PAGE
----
Langley Looking Back: TWU’s Community Covenant has been making news for decades

History from the files of the Langley Advance which has been publishing since 1931.

Eighty Years Ago

September 16, 1937

Amateur burglars were blamed for an attack on the safe at municipal hall. Little cash had been in the safe, but three guns were stolen from the police chief’s office.

Seventy Years Ago

September 18, 1947

F.M. Clements, dean of the faculty of agriculture at U.B.C., officially opened Langley’s 55th fall fair. Miss Jean Ritchie was crowned Harvest Queen by outgoing queen Jean Berry.

Thieves who had taken cash and narcotics from Langley Pharmacy were apprehended in Vancouver.

Breakdown of some school buses was blamed on poor road conditions. The school transportation superintendent especially cited River Road in Glen Valley, and Carvolth Road (200th Street) from Jericho Road (72nd Avenue) to the pavement.

Sixty Years Ago

September 12, 1957

Wet weather hampered fall fair attendance on Friday, but Saturday’s warmth brought out a record crowd. Deanne Haid was Harvest Queen.

John McTaggart was named president of the Langley Teachers’ Association, and Al Angrignon was vice-president.

A bylaw to raise $1,241,000 – the local share of the $2,558,334 cost of a new hospital – was drafted for a December referendum. The rest of the cash was to come from senior governments.

Fifty Years Ago

September 14, 1967

Oddy Christianson, retiring president of the Langley Kinsmen Club, chaired a meeting to install the executives of three local clubs: the Kinsmen, the Kinettes, and the K-40 Club.

The Aldergrove Chamber of Commerce went on record in favour of municipal council legislation against unnecessary traffic noise. The main target was drivers who screech their tires.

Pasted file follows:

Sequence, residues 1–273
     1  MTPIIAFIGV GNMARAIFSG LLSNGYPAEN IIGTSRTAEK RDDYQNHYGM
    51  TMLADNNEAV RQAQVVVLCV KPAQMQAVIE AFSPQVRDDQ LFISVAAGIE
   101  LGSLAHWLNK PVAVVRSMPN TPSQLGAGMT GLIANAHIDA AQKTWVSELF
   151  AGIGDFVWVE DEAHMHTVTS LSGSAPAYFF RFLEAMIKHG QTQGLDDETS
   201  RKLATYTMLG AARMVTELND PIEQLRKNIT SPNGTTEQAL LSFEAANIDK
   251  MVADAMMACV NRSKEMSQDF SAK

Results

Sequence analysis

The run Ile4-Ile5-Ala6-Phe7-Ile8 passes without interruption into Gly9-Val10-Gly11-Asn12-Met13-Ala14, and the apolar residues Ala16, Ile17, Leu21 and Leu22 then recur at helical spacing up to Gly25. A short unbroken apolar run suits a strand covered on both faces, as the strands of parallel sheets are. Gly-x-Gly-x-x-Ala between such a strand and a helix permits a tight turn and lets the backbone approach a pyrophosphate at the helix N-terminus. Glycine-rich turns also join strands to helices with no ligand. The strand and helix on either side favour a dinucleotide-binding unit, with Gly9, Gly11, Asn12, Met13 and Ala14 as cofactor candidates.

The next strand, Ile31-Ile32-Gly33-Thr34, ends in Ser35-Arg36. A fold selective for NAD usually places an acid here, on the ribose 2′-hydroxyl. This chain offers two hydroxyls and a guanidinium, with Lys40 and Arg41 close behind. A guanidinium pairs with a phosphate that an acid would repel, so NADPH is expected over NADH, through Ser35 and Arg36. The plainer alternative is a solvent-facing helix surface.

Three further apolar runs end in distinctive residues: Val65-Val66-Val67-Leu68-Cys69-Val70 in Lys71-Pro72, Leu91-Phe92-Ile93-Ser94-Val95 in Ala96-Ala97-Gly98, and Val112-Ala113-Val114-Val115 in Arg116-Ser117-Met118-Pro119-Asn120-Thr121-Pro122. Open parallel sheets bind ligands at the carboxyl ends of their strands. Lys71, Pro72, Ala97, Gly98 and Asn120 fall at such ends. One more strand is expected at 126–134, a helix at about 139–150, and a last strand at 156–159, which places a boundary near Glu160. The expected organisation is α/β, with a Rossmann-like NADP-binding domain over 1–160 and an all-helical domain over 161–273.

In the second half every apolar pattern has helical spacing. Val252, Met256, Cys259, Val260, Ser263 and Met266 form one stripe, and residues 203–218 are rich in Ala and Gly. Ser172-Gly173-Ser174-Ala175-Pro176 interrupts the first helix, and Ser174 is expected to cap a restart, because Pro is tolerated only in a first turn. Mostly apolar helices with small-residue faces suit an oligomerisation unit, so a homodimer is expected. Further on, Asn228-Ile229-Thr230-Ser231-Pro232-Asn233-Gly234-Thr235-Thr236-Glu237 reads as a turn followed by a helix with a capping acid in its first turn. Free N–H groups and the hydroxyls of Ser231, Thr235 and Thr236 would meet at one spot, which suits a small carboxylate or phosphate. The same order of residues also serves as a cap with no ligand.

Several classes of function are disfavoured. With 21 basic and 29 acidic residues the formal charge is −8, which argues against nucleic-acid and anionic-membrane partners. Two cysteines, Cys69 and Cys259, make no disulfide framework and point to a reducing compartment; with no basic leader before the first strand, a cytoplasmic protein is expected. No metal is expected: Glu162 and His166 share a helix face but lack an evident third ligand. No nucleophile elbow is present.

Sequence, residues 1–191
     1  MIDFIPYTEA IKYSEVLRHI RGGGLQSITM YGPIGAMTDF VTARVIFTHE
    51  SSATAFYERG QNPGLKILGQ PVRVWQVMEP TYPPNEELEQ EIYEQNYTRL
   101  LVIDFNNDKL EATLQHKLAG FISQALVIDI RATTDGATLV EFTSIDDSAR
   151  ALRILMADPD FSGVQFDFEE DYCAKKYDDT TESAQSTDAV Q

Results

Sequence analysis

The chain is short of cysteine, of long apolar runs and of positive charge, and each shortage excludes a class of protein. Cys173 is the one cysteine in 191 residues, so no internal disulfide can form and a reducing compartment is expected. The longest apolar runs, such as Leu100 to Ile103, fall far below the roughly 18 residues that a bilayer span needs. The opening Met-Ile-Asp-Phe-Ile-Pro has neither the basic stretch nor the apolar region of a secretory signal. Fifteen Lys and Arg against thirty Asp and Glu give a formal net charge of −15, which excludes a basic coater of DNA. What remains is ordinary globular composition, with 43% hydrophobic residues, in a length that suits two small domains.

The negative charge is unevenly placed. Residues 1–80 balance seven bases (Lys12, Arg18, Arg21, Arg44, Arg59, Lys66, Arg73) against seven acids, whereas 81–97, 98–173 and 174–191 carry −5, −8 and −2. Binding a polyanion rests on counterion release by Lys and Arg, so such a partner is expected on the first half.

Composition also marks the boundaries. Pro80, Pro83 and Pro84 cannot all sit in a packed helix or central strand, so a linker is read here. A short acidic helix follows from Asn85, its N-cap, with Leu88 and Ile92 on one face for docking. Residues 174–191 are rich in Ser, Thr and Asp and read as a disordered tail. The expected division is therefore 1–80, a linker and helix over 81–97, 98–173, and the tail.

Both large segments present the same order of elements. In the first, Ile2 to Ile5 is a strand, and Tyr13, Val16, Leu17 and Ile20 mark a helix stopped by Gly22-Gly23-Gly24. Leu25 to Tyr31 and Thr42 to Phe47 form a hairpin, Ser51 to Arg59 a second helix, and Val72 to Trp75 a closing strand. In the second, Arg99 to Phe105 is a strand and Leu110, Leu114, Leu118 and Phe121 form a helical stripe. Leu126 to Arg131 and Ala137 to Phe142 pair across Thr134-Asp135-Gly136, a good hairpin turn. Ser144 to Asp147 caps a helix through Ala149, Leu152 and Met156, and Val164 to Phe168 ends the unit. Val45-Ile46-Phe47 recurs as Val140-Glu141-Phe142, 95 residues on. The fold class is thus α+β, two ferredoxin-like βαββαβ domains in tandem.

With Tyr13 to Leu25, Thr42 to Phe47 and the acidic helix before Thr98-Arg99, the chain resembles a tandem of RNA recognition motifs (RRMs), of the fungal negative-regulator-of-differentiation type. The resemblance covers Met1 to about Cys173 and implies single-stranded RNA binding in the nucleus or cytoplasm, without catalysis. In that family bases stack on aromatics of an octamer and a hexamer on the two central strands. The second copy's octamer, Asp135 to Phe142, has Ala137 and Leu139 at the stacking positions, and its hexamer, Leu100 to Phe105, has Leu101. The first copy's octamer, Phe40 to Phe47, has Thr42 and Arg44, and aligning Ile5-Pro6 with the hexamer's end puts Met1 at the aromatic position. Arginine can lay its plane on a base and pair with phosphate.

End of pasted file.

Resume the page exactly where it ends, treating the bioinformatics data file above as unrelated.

Forty Years Ago

September 14, 1977

Less than half of the 1,000 additional students expected had made it to the classrooms, swelling total enrolment to 11,9266.

Langley city’s public works crew was expected to begin construction of an extension to Langley Bypass early in the new year.

Twenty Years Ago

September 12, 1997

Ministry of agriculture officials met quietly with local stakeholders in the ongoing dispute over odours emanating from a local mushroom composting plant. The consensus was that the $10 million odour-fighting technology that Money’s Mushrooms planned to install at the plant was a good thing.

After a full meeting of haggling, Township council’s Langley Leadership Team members and independent councillors had agreed to approve a single community grant application and deny three others. Thirty-four applications remained on the table after the rancorous debate which threatened to divide the council irrevocably.

A 17-year-old driver crashed into a group of partying teens at Stokes Pit, killing Ashley Reber and injuring 15 others. [One of the injured teens, daughter of a Langley school trustee, died in hospital weeks later.]

Trinity Western University won a B.C. Supreme Court decision against the B.C. College of Teachers. The College had withheld accreditation from the private university’s Teacher Education program because students were forced to sign a community standards document which made them promise to abstain from premarital sex, adultery, and homosexual activity.

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